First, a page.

The Room Service Soda

By Lloyd Graff

I know I’m supposed to celebrate milestone events. I have a lot to celebrate—a wonderful wife for over 40 years, the marriage of my son Ari, surviving my quadruple bypass surgery, and 14 years of Today’s Machining World.

I feel enormously grateful for all of these gifts and I count my blessings every day, but celebration is something I have not quite mastered.

In an earlier piece, I recounted a story that my father Leonard told me as a kid, but I’ll retell it now. He was just starting out in the used machinery business and was travelling the Midwest with his partner, Uncle Abe. Abe was a fat, garrulous guy who didn’t know a mill from a lathe, but he gave my dad confidence and kept him smiling. My father was focused on the prize and Abe was focused on how he was going to spend it.

One day they arrived in Kalamazoo, bought rolls of dimes, commandeered the yellow pages and phones at a downtown hotel and starting calling local machine shops. They found a fellow who had a Becker milling machine for sale and immediately drove out to inspect it. They bought it on the spot for $500. This was 1942, World War II was on and machine tools were turning into gold. After buying the Becker, they returned to the hotel and my dad called Adams Machinery in Chicago. He offered the machine to Eli Blumberg for $5000.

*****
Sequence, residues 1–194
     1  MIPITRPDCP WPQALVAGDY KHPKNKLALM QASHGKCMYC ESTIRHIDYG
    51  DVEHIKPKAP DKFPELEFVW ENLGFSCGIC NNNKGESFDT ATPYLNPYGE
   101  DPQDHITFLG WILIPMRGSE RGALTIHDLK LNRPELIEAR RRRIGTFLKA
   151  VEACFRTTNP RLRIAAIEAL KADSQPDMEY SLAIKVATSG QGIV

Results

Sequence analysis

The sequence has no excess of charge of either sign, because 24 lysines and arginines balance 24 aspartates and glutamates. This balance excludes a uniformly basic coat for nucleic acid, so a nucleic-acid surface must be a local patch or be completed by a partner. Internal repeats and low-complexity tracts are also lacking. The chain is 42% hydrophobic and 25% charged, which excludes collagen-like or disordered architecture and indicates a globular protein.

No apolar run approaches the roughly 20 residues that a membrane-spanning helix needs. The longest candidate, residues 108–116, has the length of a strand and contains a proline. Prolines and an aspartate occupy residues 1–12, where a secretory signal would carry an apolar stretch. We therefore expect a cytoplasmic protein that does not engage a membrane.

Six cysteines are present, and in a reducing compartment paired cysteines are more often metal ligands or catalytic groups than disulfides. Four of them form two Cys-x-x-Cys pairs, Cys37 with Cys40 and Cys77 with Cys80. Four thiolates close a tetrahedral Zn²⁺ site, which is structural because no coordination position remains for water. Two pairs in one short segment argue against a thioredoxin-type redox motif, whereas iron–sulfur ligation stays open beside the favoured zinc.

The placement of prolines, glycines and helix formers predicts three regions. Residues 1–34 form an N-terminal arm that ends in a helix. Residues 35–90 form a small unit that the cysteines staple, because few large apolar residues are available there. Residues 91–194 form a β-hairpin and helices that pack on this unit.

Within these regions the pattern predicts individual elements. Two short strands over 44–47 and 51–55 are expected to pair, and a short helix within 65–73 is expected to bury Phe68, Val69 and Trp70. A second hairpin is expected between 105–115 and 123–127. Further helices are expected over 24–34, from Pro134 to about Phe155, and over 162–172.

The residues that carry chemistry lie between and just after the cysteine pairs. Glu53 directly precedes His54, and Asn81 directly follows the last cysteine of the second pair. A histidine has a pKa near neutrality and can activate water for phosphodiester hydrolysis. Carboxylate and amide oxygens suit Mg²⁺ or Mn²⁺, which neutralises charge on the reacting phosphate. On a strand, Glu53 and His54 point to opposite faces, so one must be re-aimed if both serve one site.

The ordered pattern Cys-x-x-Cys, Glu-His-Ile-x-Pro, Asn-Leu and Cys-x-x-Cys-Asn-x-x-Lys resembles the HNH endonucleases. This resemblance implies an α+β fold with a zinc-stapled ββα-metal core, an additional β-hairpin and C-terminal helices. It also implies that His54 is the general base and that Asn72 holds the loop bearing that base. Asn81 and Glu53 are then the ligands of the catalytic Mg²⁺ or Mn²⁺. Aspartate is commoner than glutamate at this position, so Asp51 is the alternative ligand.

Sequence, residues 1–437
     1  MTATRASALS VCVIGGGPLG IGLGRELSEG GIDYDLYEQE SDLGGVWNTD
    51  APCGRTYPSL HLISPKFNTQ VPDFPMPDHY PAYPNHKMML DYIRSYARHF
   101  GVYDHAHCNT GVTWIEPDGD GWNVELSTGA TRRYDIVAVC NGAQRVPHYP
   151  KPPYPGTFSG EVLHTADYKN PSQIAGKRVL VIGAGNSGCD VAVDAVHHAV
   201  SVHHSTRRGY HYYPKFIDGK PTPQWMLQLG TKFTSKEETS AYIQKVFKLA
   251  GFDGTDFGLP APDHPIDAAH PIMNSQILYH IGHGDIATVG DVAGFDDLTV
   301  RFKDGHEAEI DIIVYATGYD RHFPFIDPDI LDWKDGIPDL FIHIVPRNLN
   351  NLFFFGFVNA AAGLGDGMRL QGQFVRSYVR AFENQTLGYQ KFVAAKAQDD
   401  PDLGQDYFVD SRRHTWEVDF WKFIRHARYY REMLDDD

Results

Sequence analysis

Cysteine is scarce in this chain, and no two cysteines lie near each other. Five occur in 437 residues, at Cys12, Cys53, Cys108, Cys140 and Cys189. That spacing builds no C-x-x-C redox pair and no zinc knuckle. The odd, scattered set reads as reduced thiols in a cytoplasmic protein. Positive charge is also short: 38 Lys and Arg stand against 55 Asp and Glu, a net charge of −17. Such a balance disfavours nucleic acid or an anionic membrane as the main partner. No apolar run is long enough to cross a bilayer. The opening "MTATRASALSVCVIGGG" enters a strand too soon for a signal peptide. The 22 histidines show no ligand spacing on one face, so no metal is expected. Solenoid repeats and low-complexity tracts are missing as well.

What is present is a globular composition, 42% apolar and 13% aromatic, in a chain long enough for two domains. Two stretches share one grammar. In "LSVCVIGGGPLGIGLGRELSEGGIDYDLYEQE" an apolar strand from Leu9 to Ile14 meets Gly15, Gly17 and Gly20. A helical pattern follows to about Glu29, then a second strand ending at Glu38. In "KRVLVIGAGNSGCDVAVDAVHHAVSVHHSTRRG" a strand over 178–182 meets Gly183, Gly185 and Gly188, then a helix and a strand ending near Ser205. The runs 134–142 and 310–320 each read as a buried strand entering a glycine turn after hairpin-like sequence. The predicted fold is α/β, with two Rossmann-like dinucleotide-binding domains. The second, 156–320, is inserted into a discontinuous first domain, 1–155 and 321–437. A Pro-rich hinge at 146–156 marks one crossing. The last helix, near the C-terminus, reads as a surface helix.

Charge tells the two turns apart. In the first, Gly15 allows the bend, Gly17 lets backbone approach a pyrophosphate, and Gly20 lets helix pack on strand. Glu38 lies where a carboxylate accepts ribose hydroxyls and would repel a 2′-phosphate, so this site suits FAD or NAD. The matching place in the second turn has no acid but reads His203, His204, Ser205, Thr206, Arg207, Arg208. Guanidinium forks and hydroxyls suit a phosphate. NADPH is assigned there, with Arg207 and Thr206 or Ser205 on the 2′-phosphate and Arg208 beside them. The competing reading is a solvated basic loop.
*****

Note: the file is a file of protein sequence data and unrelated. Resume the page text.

Blumberg countered at $4000 and they settled on $4500, subject to inspection. My father and Abe felt like millionaires. This was a deal to paint the town for, but they were stuck in Kalamazoo. Abe had the answer.

“Len, we’re going up to the room to order two ice cream sodas on room service in the middle of the day.” And they did. They must have been wonderful because my dad told me this story many times. I never tired of listening to it.

My brother Jim and I have shared occasional ice cream sodas along the way, but I doubt they tasted quite as splendid as those Kalamazoo black and whites.

I have worked on my celebration piece for decades, but it doesn’t come naturally for me.

In the Yiddish language we have an expression “Kinahora,” which means roughly, “if you think things are good, wait a minute and they’ll turn sour.” I’ve always had a bit of a “Kinahora complex” and I’m bloody tired of it.

To the black and white ice cream soda.

Question: How do you celebrate your business victories?

Today’s Machining World June 2010 Volume 06 Issue 05 
Lloyd Graff is Owner and Chief Space Filler at Today’s Machining World and Graff-Pinkert & Co.


Share this post

4 thoughts on “The Room Service Soda

  1. Victor

    I celebrate my business victories by adding a few extra thousand to our retirement account, and feel satisfied that our retirement would be just a little longer and more comfortable.

    Also, new socks is a great splurge. And to really go all out, a new pair of Thorlo socks from REI !



  2. Doug